Date of Award

2020

Degree Type

Thesis

Degree Name

Master of Arts in Psychology

Specialization

Clinical Psychology

Department

Psychology

First Advisor

Nichea Spillane

Abstract

American Indian (AI) communities and researchers have identified alcohol as a primary concern for AI, acknowledging the severity of alcohol-related consequences experienced by individuals, families, and whole communities (Stanley, Harness, Swaim, & Beauvais, 2014; Yuan et al., 2010) as well as the long-term damaging effects (Radin et al., 2015). Though extant research has shown varied results regarding actual prevalence rates of alcohol use among AI adolescents (Lynne-Landsman, Komro, Kominsky, Boyd, & Maldonado-Molina, 2016; Whitbeck et al., 2014), there is strong agreement that AI youth suffer disproportionate negative consequences associated with alcohol use (Landen, Roeber, Naimi, Nielsen, & Sewell, 2014; Prevention, 2008; Indian Health Services, 2018; Szlemko, Wood, & Thurman, 2006). Despite this, there are few to no measures of alcohol-related consequences that have been validated with AI/AN samples. Thus, the purpose of this study is to evaluate the psychometric properties of the American Drug and Alcohol Survey’s (ADAS™) alcohol-related problem scale for AI adolescents, and to examine how race (AI and non-Hispanic White) moderates the relationship between alcohol consumption and alcohol-related problems. The current study (n = 2,214, 52.1% female) is a secondary data analysis study of a large population-based sample that included youth between the ages of 15-21 drawn from a large sample of adolescents living on or near a reservation. The scale had good internal consistency, Cronbach’s alpha = .834. Results from the principal component analysis suggested one-factor and confirmatory factor analysis confirmed a one-factor model. Multiple group confirmatory factor analysis found the ADAS’s™ alcohol-related problem scale was invariant across race (AI and non-Hispanic white) and sex (female and male), suggesting that the scale is appropriate for use to compare across groups (race and sex) with little to no measurement bias. However, a multi-group confirmatory factor analysis was conducted with all four groups and that model failed to reach convergence. Point-biserial correlations revealed a significant positive association between frequency of endorsing drinking over the past-12 months (r(2076) = .435, p < .001) and frequency of endorsing being drunk over the past-12 months (r(2017) = .535, p < .001) and alcohol-related problems, suggesting this scale can be considered valid. Next, two multilevel regression analyses to evaluate the effects of age, sex, alcohol use and race (level 1 variables) and accounted for nesting with community location (level 2), on alcohol-related problems. A significant main effect was found for race (b = -0.559, SE = 0.102, t = -5.485, p <.001, 95% CI [-0.759, -0.359]), and frequency of drinking over 12-months (b = 0.524, SE = 0.054, t = 9.671, p <.001, 95% CI [0.418, 0.631]), on alcohol-related problems, as well as for race (b = -0.513, SE = 0.102, t = -5.01, p <.001, 95% CI [-0.714, -0.312], and frequency of being drunk over 12-months on alcohol-related problems (b = 0.562, SE = 0.053, t = 10.700, p <.001, 95% CI [0.459, 0.666]). A significant main effect was found between the association of alcohol-related problems and drinking, and alcohol-related problems and being drunk, for both AI and non-Hispanic white adolescents. Though, simple slopes revealed these relationships were stronger for AI adolescents. Results from this study aid in the alcohol-related health disparity literature for AI adolescents and emphasize the importance of using cross-culturally validated measures with use among AI.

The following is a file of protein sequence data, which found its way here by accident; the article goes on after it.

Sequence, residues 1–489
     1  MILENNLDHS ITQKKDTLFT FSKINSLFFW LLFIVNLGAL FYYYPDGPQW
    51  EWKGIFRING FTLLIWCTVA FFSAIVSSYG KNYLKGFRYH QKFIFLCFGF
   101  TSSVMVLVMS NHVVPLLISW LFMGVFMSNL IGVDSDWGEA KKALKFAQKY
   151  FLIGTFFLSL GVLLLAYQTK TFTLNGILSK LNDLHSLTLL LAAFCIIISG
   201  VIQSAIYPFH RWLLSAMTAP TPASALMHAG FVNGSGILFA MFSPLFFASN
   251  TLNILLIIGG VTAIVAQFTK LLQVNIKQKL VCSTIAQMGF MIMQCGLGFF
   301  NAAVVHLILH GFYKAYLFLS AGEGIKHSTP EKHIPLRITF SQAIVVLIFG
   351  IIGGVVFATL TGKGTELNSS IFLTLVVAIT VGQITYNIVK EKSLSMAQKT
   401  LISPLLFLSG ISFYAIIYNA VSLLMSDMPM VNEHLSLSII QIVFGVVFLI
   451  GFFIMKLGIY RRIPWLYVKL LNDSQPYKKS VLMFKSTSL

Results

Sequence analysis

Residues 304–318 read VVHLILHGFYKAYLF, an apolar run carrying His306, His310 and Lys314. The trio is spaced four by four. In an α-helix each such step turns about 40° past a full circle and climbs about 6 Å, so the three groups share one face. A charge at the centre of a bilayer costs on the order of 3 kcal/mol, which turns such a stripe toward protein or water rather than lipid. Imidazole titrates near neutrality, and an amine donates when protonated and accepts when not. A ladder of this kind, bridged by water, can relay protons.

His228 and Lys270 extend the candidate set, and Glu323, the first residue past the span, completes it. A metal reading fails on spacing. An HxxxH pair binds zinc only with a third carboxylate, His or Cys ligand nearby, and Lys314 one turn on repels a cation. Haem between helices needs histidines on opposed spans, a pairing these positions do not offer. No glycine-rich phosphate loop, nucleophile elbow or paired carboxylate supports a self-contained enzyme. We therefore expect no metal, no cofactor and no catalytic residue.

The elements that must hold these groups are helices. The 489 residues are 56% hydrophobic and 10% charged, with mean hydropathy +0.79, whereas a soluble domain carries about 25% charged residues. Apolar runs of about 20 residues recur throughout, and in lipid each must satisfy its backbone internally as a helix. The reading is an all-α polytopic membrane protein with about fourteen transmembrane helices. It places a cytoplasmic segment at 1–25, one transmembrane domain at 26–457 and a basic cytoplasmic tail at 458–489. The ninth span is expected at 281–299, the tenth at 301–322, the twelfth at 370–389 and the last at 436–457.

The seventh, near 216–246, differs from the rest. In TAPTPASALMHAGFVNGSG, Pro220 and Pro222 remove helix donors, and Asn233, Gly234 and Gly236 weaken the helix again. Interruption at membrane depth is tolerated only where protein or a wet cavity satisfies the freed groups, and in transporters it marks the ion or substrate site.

Available for download on Saturday, August 07, 2021

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